Sunday, May 26, 2013

Written on a Napkin

Looking back at what seems like ages ago, I can remember a time when I read about child development in a book, where children, at a certain age, can only grasp the concept of the human face through basic geometric shapes.  Ovals and a triangle plus a rectangle comprise Mom, Dad, and every other important person in their life.  Eyesight is developed enough to render contrast.  Then, they turn into these little machines that eat, poop, and fall down a lot.  Then comes the first time they tell you they miss you, or that they love you, or when they begin to call you out on your bullshit, or come up with elaborate plans to try to outsmart you.  Every so often, they do something to remind you that they are, deep down, still that same sweet child just figuring out the world for the first time (just hopped up with more experience, more opinion, and more substance).  I went to lunch with Grace the other day, and upon returning to the table with our drinks, she had scratched this upon my napkin, and hid it under my sandwich so I wouldn't immediately see it.  She wanted to be sweet, but she also wanted to be cunning.  She wants to be tricky, and she wants me to recognize those qualities in her.  It's easy to landslide and miss such an important detail, with family, or with any facet of life.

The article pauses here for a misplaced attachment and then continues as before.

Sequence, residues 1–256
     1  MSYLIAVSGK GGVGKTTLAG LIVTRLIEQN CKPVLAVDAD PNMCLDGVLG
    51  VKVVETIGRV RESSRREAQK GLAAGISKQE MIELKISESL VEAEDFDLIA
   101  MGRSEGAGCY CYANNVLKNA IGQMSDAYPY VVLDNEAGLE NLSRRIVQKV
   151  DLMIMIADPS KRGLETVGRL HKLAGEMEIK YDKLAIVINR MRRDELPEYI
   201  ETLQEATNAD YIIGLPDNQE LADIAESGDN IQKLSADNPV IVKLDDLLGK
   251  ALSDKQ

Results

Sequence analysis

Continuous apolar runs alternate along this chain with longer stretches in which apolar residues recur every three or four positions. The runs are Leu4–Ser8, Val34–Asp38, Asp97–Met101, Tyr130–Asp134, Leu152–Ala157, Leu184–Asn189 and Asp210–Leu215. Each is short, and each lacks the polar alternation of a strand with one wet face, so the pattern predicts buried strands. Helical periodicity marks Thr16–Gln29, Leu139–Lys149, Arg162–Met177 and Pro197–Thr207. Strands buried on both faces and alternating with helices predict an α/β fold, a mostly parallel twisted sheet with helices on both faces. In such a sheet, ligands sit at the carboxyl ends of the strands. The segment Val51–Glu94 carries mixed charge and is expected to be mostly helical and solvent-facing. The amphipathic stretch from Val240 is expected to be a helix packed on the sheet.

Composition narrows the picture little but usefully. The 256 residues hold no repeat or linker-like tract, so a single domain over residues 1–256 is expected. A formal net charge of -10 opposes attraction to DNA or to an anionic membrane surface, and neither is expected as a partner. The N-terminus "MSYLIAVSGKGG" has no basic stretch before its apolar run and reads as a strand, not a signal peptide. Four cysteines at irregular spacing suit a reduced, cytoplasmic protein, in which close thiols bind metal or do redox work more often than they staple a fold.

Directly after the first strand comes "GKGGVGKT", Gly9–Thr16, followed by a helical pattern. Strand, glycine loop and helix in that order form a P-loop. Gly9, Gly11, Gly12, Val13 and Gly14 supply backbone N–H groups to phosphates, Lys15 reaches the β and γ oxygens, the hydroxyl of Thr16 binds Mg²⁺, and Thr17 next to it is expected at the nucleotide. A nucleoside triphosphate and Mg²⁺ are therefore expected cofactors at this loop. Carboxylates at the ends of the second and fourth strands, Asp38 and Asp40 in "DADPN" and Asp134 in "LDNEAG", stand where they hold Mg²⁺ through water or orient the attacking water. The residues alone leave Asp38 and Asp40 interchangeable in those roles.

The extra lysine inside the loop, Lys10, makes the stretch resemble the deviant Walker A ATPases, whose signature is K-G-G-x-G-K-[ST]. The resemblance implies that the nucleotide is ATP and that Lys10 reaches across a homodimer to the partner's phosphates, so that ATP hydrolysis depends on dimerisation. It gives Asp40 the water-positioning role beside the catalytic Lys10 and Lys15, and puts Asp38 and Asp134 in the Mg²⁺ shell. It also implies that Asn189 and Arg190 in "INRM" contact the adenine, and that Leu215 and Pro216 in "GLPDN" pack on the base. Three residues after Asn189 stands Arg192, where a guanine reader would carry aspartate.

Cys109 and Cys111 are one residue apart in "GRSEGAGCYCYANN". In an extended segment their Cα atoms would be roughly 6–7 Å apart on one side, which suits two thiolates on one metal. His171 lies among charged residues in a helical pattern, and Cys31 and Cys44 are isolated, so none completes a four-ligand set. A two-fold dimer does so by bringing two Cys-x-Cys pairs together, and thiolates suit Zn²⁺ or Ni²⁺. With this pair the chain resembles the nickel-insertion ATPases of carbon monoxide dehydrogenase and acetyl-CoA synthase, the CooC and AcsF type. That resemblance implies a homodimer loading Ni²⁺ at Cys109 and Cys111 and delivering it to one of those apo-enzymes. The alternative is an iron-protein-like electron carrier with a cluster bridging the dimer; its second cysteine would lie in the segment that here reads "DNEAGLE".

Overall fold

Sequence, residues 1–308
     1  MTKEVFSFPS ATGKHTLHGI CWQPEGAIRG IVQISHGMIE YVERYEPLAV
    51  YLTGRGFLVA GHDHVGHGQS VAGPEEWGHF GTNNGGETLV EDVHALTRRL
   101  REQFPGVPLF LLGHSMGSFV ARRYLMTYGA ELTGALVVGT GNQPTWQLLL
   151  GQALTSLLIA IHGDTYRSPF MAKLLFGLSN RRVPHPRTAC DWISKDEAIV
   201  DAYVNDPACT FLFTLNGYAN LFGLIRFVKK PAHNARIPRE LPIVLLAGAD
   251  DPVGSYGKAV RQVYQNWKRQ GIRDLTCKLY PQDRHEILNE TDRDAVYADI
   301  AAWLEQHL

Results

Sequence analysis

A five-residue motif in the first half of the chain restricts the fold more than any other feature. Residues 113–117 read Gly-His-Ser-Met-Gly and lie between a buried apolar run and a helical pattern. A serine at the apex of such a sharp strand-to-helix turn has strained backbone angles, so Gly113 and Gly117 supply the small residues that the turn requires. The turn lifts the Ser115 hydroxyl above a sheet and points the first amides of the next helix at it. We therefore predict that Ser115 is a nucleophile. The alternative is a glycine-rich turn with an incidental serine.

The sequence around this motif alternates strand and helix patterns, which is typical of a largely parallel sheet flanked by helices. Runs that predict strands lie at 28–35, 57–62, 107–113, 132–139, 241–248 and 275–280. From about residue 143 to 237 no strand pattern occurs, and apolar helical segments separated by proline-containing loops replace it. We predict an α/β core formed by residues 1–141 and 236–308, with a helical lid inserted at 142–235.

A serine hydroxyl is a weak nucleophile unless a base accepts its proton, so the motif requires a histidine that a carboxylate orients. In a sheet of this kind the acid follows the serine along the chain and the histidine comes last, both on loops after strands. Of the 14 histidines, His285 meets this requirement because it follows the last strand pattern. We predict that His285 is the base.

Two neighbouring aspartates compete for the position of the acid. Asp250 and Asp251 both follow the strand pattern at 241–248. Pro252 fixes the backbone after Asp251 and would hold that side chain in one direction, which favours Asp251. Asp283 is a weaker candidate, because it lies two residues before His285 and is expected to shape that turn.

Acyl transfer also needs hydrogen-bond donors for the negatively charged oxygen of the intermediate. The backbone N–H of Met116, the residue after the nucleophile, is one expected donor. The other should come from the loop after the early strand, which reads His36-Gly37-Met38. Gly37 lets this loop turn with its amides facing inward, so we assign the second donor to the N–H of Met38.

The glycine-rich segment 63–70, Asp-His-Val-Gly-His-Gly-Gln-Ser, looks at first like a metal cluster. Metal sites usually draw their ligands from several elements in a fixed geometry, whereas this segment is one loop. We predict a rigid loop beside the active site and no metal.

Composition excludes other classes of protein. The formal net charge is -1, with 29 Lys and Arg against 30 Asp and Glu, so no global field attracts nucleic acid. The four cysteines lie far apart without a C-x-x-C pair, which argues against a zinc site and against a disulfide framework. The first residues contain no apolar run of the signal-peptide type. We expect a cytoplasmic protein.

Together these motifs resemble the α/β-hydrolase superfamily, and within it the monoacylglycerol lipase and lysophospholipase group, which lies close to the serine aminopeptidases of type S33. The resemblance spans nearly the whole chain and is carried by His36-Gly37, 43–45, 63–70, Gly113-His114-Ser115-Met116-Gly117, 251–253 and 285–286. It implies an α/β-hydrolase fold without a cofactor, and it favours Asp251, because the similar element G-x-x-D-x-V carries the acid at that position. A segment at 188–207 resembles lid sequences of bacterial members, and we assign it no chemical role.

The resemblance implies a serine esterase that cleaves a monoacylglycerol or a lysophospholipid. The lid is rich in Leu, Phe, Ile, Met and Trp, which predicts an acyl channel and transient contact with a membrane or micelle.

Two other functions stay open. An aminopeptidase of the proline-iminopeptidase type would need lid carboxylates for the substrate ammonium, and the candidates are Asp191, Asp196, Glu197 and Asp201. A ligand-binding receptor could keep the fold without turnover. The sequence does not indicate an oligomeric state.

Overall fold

Life has been so full of stress lately that I'm happy to realize how important the small things are.  I'm working on some new material; some teas I haven't tasted before; experiences I haven't shared before.